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Explaining away

How science can, and does, affect supernatural explanations

By: Mike Gashler

One morning you discover your lawn is wet. Maybe your up-hill neighbor drained his kiddie-pool. Or maybe it rained in the night. How do we find the truth about what happened? And what does this tell us about the greatest mysteries of the Cosmos?

Perhaps yesterday's weather forecast said there would be a 20% chance of rain during the night. And since your neighbor is usually considerate, you estimate that there was a 5% chance that he would have drained his pool without notifying you in advance. And just to keep this simple, let's suppose there are no other possibilities. So, rain is four times more likely to be the right explanation, right?

Sure, but there's a lot more we can learn if we take the time to do a little math. So don't be lazy! Making yourself think formally is good for your brain. Let's do this the right way!

First, let's compute the a priori probability that your lawn might be wet. It turns out that it is possible for both events to simultaneously occur. (Maybe your neighbor drained his pool and it rained.) But if the grass were dry then we would know that neither event had occurred. So, we can use De Morgan's law to compute the probability that the grass would stay dry, and subtract from 1:

         p(wet) = 1 - (1 - p(pool)) * (1 - p(rain))

                = 1 - (1 - 0.05) * (1 - 0.2)

                = 0.24

Next, we can invoke Bayes' law to compute how likely each cause is to be responsible for your lawn being wet:

    p(pool|wet) = p(wet|pool) * p(pool) / p(wet)

                = 1 * 0.05 / 0.24

                = 0.2083

There is a 20.83% chance that your neighbor drained his pool.

    p(rain|wet) = p(wet|rain) * p(rain) / p(wet)

                = 1 * 0.2 / 0.24

                = 0.83

And there is an 83.3% chance that it rained.

Why do these numbers sum to more than 1?
(0.2083 + 0.83 = 1.0416.) Because there is also a chance that they both occurred. It's not a big chance, but it is still a possibility.

Now, if skilled meteorologists predicted only a 20% chance of rain, how did you become 83.3% confident that it rained? Because you have additional information they didn't have. You know that your grass is wet. Something must explain that phenomenon. Sticking with only 20% confidence while standing on wet grass would simply not be rational.

And here we make the most important observation of this article: Yes, it is possible to quantify certainty and uncertainty with math! Bayesian statistics is turning epistemology from a branch of philosophy into a branch of science. No longer need we lean on philosophers to give us conflicting messages about how to know what is true--we can just do the $#@!'in math!

But just as you start thinking that you know what probably happened, suppose your neighbor walks by and says,

"Howdy, neighbor! Oh dear, it looks like I got your lawn all wet when I drained my pool last night. Sorry about that."

(Also, your neighbor is Ned Flanders. I forgot to mention that.) This new information changes things quite substantially! Of course, new information does not change whether it rained last night, but it most certainly does change what you know. So, let's adjust the math to accommodate this new information. (And this is where we start to see the philosophical implications of doing the math.)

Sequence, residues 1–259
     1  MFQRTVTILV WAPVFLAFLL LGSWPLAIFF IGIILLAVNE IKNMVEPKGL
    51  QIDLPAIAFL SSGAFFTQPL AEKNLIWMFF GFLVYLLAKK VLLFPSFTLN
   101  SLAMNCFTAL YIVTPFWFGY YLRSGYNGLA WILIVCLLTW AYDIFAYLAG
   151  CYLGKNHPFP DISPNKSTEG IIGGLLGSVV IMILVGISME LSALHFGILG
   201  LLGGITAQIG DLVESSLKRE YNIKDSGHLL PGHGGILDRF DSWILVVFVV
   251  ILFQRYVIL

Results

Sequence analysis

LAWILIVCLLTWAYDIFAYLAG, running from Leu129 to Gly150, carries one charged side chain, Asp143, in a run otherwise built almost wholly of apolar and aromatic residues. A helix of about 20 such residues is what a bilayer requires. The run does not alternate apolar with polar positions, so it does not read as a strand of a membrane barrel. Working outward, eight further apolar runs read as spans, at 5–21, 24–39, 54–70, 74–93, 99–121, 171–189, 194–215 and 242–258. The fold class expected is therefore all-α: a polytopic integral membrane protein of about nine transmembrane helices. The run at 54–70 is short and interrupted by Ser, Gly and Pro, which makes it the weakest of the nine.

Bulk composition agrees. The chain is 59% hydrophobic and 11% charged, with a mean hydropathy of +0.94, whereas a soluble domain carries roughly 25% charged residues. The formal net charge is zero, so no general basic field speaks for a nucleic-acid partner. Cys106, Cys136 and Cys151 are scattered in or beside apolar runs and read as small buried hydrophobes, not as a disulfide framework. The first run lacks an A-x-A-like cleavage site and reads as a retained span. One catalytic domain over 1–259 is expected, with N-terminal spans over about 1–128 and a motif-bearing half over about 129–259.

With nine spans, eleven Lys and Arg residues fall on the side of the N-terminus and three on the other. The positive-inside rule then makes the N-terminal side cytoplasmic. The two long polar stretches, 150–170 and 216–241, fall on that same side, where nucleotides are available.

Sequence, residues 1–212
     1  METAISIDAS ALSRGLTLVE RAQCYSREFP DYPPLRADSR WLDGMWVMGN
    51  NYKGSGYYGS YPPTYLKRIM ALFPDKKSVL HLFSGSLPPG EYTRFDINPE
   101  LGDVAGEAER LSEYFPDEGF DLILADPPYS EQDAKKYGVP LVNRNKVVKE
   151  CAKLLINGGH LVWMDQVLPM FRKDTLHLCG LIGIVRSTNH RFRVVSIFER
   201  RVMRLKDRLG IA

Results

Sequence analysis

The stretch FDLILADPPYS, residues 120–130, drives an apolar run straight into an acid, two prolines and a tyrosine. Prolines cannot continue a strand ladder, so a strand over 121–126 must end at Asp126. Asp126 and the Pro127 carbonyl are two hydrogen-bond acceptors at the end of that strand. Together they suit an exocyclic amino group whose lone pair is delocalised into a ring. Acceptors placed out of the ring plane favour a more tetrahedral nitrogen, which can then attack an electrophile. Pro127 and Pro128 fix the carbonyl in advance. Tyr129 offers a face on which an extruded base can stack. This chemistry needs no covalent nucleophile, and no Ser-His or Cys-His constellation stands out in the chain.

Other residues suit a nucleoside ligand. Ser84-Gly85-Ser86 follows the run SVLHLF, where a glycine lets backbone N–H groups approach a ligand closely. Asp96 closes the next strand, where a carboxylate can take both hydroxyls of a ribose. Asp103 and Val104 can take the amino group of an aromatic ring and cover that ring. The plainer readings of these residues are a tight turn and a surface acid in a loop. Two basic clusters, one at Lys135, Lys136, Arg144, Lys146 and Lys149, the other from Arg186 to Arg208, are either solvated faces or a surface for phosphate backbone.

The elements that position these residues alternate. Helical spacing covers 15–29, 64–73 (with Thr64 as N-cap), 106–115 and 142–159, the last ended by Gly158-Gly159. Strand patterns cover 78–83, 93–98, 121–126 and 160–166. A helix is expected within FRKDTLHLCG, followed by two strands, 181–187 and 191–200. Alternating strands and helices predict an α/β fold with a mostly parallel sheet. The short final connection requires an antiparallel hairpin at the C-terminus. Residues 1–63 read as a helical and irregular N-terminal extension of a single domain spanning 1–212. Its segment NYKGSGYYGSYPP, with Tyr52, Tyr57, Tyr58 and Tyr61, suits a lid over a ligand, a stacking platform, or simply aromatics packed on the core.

Assuming you believe your neighbor, the wetness of your grass has now been explained. So your wet grass no longer tells you anything about whether or not it rained. (Rewind the math.) Now the only information you have to determine whether or not it rained is that weather forecast you remembered. (It said there was a 20% chance of rain.) So, the new more informed probability that it rained last night is 20%. When your neighbor told you he drained his pool, that changed your beliefs about whether it rained from 83.3% (meaning you mostly believe it rained) to 20% (meaning you mostly disbelieve it rained).

Let's repeat that with some emphasis: When your neighbor said he drained his pool, that changed your beliefs about whether it rained from 83.3% to 20%.

Does the weather care about your neighbor draining his pool?


Is the weather aware that your neighbor drained his pool?

Obviously not.

Does your neighbor have some kind of power to influence the weather by draining his pool?


And nothing about hearing what your neighbor did to his pool has any effect on the weather whatsoever.

So how in Bayes' holy name could information completely unrelated to the weather possibly change what you believed about the weather? How did the previously most-likely explanation, rain, suddenly become an unlikely explanation, when you didn't even investigate the weather?


Because your neighbor explained away the rain hypothesis. When you understood how your grass became wet, the rain explanation no longer served a useful purpose. And the math backs up this intuition. This is the right way to reason. Any other way to reason about it would deviate from reality.


Some people have the mistaken idea that science cannot say anything about God because God is a supernatural being, and science only investigates natural phenomena.

This sounds like good reasoning, doesn't it?

It's not.

Why is it rational to believe in God? Because, we exist. (This is like the wet grass.) We live on a planet that is covered with life. We are conscious, and our hearts yearn for meaning. And there is something that seems extraordinary about our feelings, our experiences, and our sense of morality. There must be an extraordinary explanation for all these extraordinary observed phenomena! These things demand explanations. And God is an explanation. These observations make it rational to believe in God.

Considering so many extraordinary observations, the likelihood that God exists is called his a posteriori (pronounced like "apple posterior story") likelihood. But what if there was no supporting evidence? What if the only reason to believe in God was the self-evident degree to which a God probably exists anyway. This is called his a priori (pronounced like "apple preview story") likelihood.

As science increasingly finds natural explanations for the phenomena that made it rational to believe in God, the rationality of belief in God shifts from the a posteriori back toward the a priori likelihood. (This is like the neighbor revealing what really made the grass wet.)